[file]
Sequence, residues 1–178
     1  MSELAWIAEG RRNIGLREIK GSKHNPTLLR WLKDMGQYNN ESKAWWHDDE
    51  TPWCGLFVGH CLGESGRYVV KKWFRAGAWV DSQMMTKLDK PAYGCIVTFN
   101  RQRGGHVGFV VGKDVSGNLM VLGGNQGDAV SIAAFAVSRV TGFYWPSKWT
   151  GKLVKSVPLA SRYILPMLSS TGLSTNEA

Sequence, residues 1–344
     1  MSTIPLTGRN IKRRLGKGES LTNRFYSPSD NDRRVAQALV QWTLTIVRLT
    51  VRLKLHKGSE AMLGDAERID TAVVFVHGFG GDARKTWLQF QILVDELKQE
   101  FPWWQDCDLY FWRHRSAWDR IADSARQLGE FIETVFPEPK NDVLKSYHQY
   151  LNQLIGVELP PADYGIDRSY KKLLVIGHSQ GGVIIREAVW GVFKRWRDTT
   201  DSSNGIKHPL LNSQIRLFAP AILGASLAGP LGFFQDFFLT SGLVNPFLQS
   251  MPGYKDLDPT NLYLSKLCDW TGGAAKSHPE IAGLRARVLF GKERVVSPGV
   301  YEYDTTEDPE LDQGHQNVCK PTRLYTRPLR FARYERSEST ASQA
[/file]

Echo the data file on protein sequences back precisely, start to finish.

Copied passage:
Sequence, residues 1–178
     1  MSELAWIAEG RRNIGLREIK GSKHNPTLLR WLKDMGQYNN ESKAWWHDDE
    51  TPWCGLFVGH CLGESGRYVV KKWFRAGAWV DSQMMTKLDK PAYGCIVTFN
   101  RQRGGHVGFV VGKDVSGNLM VLGGNQGDAV SIAAFAVSRV TGFYWPSKWT
   151  GKLVKSVPLA SRYILPMLSS TGLSTNEA

Sequence, residues 1–344
     1  MSTIPLTGRN IKRRLGKGES LTNRFYSPSD NDRRVAQALV QWTLTIVRLT
    51  VRLKLHKGSE AMLGDAERID TAVVFVHGFG GDARKTWLQF QILVDELKQE
   101  FPWWQDCDLY FWRHRSAWDR IADSARQLGE FIETVFPEPK NDVLKSYHQY
   151  LNQLIGVELP PADYGIDRSY KKLLVIGHSQ GGVIIREAVW GVFKRWRDTT
   201  DSSNGIKHPL LNSQIRLFAP AILGASLAGP LGFFQDFFLT SGLVNPFLQS
   251  MPGYKDLDPT NLYLSKLCDW TGGAAKSHPE IAGLRARVLF GKERVVSPGV
   301  YEYDTTEDPE LDQGHQNVCK PTRLYTRPLR FARYERSEST ASQA